What a great question! Firstly, it was an innovative suggestion from the wonderful publisher at Allen & Unwin, and I was thrilled about it. By clicking onto the website or accessing the QR code, anyone can listen to the poems being read by two child narrators, a boy and a girl. It’s a great way for children to read along with the narration. Or for children who simply want to look at the pictures or the words, and listen to the poems. I think it could also help reluctant readers, because they can both hear and see the words at the same time.
The second great reason is, of course, that poetry is meant to be read aloud. It’s word music. It’s wonderful to hear words and language coming together in poetry form, in a concentrated, pared-down style that often shortcuts to the emotions. Often a feeling, image, memory or phrase stays with you long after the book is closed and the words are hushed. 

Janeen, you have always written poetry, so how did the idea for this picture book of specific poems come about?

My poetry writing varies from free verse to humorous verse, often done in rhyme. I’ve written, and had hundreds of individual poems in both genres published in anthologies, children’s magazines or they’ve been the basis of picture books. I spent a lot of time in the village, observing, photographing and jotting down notes. At the time I had no firm idea what I would do with such material, but later I decided I wanted to compile a set of poems depicting the play and the responsibilities of village children living in a remote village, which was so different to our Western style of life. Several publishers were keen, but it was only when the illustrator, Anne Spudvilas took some sketches and my poems to Allen & Unwin, that it was accepted. It was a long wait, but well worth it.

What do you hope will be the outcome in terms of readership and ideas/pictures conveyed in your book?

The poems are simple, easy to read and can be read independently of the wonderful, evocative illustrations, but I believe, in this instance, they help support each other. They are deliberately understated but they are honest observations, with my own imagination thrown in. I hope the readers or listeners will enjoy the language and anecdotal imagery that hopefully highlights the lives of children of another culture. Perhaps they might like to try writing poems based on observations themselves.

Thanks Lorraine, for these interesting questions!

And thanks Janeen for providing that inside information about writing a book that we eagerly seek.
If you'd like to purchase a copy for yourself here's the link.
And I wish 'Our Village in the Sky' great success.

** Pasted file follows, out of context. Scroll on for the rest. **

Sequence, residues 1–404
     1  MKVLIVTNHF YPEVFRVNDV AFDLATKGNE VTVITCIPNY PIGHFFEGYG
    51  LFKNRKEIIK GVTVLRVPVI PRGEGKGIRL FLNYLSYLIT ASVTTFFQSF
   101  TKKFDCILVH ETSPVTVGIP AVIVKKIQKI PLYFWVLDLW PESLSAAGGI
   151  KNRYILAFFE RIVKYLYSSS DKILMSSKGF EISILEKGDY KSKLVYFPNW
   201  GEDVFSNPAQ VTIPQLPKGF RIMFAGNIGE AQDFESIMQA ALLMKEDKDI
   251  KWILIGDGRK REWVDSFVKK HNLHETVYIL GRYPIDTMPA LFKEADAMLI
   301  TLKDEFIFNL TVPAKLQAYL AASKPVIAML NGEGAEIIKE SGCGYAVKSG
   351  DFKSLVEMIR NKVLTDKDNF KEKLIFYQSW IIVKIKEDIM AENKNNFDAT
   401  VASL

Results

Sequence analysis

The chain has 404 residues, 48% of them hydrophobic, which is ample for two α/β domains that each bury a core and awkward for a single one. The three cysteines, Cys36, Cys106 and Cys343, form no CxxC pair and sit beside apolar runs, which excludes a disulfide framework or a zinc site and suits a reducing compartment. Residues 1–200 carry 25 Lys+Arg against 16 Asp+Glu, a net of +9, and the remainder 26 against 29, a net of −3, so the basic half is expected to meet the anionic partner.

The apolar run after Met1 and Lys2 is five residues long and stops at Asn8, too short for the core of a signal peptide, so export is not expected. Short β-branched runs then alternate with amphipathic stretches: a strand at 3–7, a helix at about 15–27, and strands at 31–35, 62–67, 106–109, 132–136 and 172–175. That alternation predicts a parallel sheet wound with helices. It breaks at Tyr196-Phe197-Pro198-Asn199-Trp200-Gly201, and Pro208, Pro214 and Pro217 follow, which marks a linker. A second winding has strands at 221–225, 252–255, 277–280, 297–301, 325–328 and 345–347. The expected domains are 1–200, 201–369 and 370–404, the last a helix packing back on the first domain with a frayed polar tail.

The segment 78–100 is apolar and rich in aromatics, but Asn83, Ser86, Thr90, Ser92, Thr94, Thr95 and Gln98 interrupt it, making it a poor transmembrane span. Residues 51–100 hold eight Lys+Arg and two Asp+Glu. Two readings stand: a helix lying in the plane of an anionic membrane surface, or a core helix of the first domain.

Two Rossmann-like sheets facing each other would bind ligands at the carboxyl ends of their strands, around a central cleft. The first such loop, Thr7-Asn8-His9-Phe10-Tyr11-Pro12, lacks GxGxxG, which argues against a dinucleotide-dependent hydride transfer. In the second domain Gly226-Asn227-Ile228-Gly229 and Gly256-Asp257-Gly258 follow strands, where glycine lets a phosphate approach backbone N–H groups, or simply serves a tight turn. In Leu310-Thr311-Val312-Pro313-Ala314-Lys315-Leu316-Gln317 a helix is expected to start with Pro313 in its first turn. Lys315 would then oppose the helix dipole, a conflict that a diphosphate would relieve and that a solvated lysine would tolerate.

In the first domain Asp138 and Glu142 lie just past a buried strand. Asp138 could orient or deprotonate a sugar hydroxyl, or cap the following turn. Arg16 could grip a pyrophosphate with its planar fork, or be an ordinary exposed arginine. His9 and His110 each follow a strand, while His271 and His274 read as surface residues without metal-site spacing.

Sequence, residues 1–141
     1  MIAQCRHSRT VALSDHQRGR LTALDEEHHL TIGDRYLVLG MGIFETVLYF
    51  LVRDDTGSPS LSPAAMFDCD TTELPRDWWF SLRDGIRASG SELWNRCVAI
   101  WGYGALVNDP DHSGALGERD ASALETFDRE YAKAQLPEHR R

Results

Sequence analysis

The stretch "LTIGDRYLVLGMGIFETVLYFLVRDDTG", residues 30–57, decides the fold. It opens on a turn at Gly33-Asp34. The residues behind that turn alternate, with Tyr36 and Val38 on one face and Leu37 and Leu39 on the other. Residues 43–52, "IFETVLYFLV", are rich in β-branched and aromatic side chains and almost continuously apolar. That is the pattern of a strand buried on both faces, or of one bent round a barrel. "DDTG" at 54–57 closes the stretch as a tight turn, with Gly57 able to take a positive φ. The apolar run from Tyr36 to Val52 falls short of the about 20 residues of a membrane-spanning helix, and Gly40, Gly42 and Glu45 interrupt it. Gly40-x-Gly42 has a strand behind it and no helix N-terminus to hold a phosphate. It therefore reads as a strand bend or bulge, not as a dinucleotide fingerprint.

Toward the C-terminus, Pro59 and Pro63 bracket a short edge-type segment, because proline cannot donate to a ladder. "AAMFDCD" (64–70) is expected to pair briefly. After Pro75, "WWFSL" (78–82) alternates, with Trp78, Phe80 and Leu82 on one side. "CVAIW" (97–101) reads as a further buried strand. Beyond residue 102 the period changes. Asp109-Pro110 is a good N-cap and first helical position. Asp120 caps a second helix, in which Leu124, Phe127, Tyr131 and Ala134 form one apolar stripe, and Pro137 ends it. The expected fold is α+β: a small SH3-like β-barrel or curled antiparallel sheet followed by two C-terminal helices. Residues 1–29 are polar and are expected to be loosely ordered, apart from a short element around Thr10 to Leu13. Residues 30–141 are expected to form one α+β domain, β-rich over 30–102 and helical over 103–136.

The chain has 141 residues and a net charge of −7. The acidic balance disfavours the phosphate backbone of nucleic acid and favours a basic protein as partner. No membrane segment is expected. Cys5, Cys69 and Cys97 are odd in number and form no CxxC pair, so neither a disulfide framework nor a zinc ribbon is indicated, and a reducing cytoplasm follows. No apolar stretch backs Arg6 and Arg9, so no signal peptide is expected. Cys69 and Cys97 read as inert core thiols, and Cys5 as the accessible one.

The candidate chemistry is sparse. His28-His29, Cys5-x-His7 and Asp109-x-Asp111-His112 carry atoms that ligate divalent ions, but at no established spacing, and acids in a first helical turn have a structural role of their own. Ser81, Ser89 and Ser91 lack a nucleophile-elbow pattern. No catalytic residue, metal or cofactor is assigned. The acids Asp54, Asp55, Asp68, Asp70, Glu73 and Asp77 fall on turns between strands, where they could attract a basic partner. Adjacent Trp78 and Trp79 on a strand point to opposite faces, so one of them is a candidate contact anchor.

Monday, 13 October 2014

A Residency

Excitement!  I have been offered the chance to write for a week with the May Gibbs Literature trust
residency to write for a month in Brisbane, 2015.  The unit sounds wonderful and information can be found here.

I have been fortunate to have obtained residencies before in Adelaide and loved the supportive writing friends and those who donate time to look after the 'fellows'.  In fact my verse novel 'Star Jumps' was written in Adelaide and went on to win the children's section of the Prime Minister's award in 2010.

I just appreciate so much the focused time away from commitments at home, distractions and with a writing program of my own to follow.

This time it's to pull apart and re-write a novel that's dear to my heart- no poetry, or verse novel, but a 'normal' novel.

How fortunate we are to have such an organisation in Australia supporting our children's authors.

I will take workshops with the state library of Queensland while I'm there.

Wednesday, 1 October 2014

What a busy few months...

I've had my first taste of taking workshops in Queensland and met some wonderful audiences and teachers.

Here is a lovely face from Toowoomba and the wonderful library.
Hello Anne!

 I also took two weeks of poetry workshops at Sydney Boys' grammar and had the delightful experience of my verse novel 'Ratwhiskers and Me' set on the goldfields chosen as a term read for year 5 boys.

Li, the lovely librarian stacking the books ready for distribution to the boys.  Wonder what they thought of the novel?

In between travels and a massive workload of writing strategies for new workshops, I lost my father.
But was so glad I took a plane back to be with my mother and family at dad's bedside.

Here is a poem I wrote a few years ago, remembering the hard work my father did on our little poultry farm.  It was read out by one of my son's at Dad's funeral.

A Drink

On an afternoon when
the concrete path
burned our bare feet,
we hobbled along
on shade shoes,
past the limpness
of the gum trees,
past the long sizzle
of the chook pens
where dust corded
the heat into visible

We carried a beaker
of lime cordial
to the bottom fence
or to the sheds
where ever our father worked.

 The promise of thirst slaked and abated
sang in the tinkling music of ice,
in the slithers of cold
that didn't melt.

We presented the drink
to our father, but the blisters
of sweat needed more
than one beaker full
to begin the translation
of hot, to warm, to cool.

Thanks was all the breeze
we craved as we scampered
back the way we came.

(c) Lorraine Marwood